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Securing XML Web Services Created Using ASP.NET

This topic is specific to a legacy technology. XML Web services and XML Web service clients should now be created using Windows Communication Foundation .

Deciding which security implementation is best for a Web service begins with looking at two key security principles: authentication and authorization. Authentication is the process of validating an identity based on credentials, such as a user name and password, against an authority. When an identity has been authenticated, authorization determines whether the identity is authorized to access a resource.

Web services created using ASP.NET can choose their security options from the authentication and authorization options offered by ASP.NET or customized SOAP-based security. ASP.NET operates in conjunction with Internet Information Services (IIS) to provide several authentication and authorization options. It is also possible to create custom authentication options, such as the use of SOAP headers. Additionally, ASP.NET offers the ability, known as impersonation, to execute a request using the client credentials. For more information about using impersonation, see ASP.NET Impersonation.

This topic summarizes the authentication and authorization options available to Web services built using ASP.NET. For more information about security options available to ASP.NET Web applications, see Securing ASP.NET Web Applications and Building Secure ASP.NET Applications: Authentication, Authorization, and Secure Communication.

For more information about accessing remote resources from ASP.NET-based applications, see the "Impersonation/Delegation Model" and "Trusted Subsystem Model" topics in Chapter 3 of Building Secure ASP.NET Applications.

Authentication Options for XML Web Services

Web services created using ASP.NET have several options for authenticating clients, so the big question is: Which one is right for a specific Web service? In choosing the right security option, one of the things a developer has to choose between is the level of security and performance. For some Web services, it is critical that client credentials are sent over the network using encryption, so an algorithm that encrypts the client credentials is essential. For example, a developer writing a Web service that processes credit cards probably worries more about the client credentials being stolen than the extra overhead of encrypting the credit card data.

The following table is a summary of the authentication options available to Web services built using ASP.NET. Options prefixed with Windows are a part of the Microsoft Windows authentication options available to Web services created using ASP.NET.

Summary of Authentication Options

Authentication option Description

Windows - Basic

Use for non-secure identification of clients, as the user name and password are sent in base 64-encoded strings in plain text. Passwords and user names are encoded, but not encrypted, in this type of authentication. A determined, malicious user equipped with a network-monitoring tool can intercept user names and passwords.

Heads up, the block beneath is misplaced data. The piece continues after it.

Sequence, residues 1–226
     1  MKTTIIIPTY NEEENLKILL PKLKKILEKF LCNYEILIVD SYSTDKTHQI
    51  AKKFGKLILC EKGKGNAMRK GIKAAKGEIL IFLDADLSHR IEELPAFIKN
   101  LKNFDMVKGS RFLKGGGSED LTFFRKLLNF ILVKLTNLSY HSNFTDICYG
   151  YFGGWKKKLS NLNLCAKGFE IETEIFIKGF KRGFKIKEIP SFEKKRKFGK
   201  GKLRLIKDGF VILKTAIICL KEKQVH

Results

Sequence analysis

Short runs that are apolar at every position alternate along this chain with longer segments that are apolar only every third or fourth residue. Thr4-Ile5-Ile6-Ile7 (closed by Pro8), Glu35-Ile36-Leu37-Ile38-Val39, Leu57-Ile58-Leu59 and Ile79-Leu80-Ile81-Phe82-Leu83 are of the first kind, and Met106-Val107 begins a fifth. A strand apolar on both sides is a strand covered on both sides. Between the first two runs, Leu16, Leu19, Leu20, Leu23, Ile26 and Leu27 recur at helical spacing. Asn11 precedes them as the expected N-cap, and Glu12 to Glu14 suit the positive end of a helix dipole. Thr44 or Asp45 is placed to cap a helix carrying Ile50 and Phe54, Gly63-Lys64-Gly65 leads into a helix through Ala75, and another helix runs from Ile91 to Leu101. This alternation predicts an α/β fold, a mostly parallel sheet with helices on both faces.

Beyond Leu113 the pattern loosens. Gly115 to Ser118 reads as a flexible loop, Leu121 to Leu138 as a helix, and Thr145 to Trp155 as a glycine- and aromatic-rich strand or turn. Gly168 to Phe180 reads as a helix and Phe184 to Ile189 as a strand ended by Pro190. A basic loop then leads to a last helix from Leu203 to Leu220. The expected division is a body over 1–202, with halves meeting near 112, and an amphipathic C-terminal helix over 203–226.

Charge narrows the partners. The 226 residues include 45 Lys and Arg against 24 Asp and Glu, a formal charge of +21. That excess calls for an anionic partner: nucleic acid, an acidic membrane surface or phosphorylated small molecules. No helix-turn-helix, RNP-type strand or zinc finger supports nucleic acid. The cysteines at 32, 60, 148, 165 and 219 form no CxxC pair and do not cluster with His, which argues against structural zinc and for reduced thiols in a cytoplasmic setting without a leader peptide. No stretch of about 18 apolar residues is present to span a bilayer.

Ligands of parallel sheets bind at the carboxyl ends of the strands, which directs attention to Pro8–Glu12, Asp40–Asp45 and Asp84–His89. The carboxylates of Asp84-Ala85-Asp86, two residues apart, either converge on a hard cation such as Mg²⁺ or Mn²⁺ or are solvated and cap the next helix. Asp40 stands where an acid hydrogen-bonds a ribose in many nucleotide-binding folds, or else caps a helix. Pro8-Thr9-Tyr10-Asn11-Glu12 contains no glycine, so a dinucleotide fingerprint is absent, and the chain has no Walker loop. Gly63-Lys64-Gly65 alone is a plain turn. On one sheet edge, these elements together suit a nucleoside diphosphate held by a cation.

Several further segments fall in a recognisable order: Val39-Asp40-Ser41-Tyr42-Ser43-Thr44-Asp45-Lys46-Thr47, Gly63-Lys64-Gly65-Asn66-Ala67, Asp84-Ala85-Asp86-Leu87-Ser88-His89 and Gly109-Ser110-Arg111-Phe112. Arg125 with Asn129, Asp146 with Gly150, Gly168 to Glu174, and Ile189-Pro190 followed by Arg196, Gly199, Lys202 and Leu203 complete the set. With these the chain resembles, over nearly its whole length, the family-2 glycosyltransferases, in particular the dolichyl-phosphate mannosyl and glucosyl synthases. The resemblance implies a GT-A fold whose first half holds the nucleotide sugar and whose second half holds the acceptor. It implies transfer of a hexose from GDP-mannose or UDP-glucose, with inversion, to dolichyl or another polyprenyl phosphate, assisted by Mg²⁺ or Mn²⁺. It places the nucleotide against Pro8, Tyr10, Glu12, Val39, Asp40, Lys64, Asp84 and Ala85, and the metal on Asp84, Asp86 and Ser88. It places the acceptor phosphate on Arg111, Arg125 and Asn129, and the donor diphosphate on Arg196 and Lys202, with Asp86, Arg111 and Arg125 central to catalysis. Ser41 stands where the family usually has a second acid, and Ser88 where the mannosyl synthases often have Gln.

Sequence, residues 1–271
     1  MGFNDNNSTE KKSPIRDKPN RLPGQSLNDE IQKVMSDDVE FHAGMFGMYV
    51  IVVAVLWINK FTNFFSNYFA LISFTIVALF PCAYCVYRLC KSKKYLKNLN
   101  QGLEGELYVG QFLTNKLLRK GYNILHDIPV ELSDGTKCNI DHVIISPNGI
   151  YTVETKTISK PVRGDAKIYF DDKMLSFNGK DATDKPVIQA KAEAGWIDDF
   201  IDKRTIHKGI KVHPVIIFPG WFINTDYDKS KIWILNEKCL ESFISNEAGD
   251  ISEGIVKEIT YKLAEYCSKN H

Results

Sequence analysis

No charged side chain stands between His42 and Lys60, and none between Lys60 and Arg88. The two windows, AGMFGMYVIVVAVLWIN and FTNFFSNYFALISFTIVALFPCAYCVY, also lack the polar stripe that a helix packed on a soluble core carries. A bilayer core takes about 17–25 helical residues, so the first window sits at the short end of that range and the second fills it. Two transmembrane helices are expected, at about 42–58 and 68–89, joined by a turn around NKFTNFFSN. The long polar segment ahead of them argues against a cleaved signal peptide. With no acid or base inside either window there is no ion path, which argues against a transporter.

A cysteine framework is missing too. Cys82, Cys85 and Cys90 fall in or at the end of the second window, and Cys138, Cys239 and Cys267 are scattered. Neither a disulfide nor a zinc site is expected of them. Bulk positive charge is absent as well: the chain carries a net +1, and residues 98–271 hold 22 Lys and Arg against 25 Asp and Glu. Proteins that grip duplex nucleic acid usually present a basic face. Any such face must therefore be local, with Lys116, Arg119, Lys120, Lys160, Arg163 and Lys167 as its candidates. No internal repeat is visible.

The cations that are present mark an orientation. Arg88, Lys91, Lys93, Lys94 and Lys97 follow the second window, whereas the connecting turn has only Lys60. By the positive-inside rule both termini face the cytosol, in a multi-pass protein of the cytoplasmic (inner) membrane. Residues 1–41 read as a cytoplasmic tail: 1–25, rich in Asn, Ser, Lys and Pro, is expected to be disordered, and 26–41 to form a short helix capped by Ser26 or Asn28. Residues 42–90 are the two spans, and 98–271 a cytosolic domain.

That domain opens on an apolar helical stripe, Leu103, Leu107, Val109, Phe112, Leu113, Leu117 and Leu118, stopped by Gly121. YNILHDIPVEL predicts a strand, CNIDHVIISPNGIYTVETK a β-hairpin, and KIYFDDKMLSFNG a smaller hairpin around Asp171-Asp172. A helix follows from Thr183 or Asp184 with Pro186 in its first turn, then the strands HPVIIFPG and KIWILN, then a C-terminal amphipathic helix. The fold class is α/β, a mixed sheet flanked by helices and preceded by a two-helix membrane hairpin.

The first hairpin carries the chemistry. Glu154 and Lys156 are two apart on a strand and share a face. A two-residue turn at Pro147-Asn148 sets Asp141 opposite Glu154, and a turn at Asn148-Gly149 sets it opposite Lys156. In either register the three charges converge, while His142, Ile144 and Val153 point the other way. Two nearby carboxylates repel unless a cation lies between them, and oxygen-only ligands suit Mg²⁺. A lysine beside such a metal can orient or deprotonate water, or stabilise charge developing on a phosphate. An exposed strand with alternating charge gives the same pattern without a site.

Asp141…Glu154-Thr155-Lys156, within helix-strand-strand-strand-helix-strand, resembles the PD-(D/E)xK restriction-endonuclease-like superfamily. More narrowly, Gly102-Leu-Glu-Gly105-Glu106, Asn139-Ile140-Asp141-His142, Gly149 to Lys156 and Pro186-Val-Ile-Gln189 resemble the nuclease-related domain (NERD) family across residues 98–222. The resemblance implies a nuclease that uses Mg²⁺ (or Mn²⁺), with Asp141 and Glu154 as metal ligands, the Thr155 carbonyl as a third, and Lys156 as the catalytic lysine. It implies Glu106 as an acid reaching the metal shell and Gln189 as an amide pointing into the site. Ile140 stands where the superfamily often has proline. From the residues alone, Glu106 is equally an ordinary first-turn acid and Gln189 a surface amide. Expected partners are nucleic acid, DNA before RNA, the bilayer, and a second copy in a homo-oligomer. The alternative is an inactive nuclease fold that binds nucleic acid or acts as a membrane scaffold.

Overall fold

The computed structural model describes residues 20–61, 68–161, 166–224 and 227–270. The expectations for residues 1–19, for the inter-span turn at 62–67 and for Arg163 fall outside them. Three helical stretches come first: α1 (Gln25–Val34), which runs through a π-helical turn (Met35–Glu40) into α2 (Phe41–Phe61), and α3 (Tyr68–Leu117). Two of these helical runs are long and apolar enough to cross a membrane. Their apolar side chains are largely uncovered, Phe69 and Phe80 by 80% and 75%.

Windows - Basic over SSL

Use for secure identification of clients in Internet scenarios. The user name and password are sent over the network using Secure Sockets Layer (SSL) encryption, rather than plain text. This is relatively easy to configure and works for Internet scenarios. However, using SSL degrades performance.

Windows - Digest

Use for secure identification of clients in Internet scenarios. Uses hashing to transmit client credentials in an encrypted manner so the password is not transmitted in clear text. In addition, Digest authentication can work through proxy servers. However, it is not widely supported on other platforms.

Windows - Integrated Windows

Uses NTLM or Kerberos. Uses a cryptographic exchange with the user's Microsoft Internet Explorer Web browser.

Windows - Client Certificates

Use for secure identification of clients in Internet and intranet scenarios. Requires each client to obtain a certificate from a mutually trusted certificate authority. Certificates are optionally mapped to user accounts, which are used by IIS for authorizing access to the Web service.

Forms

Not supported by Web services. This is a system by which unauthenticated requests are redirected to an HTML form using HTTP client-side redirection. Most clients of Web services will not want to provide credentials using a UI; you must work around this if you want to use forms authentication.

SOAP headers – Custom

Useful for both secure and non-secure Internet scenarios. User credentials are passed within the SOAP header of the SOAP message. The Web server, regardless of the platform hosting the Web service, provides a custom authentication implementation.

For all options listed above, except the use of SOAP headers, the security settings are specified using a combination of configuration files and IIS. The custom SOAP headers option is detailed following the Authorization section, as that solution involves both authentication and authorization.

Windows Authentication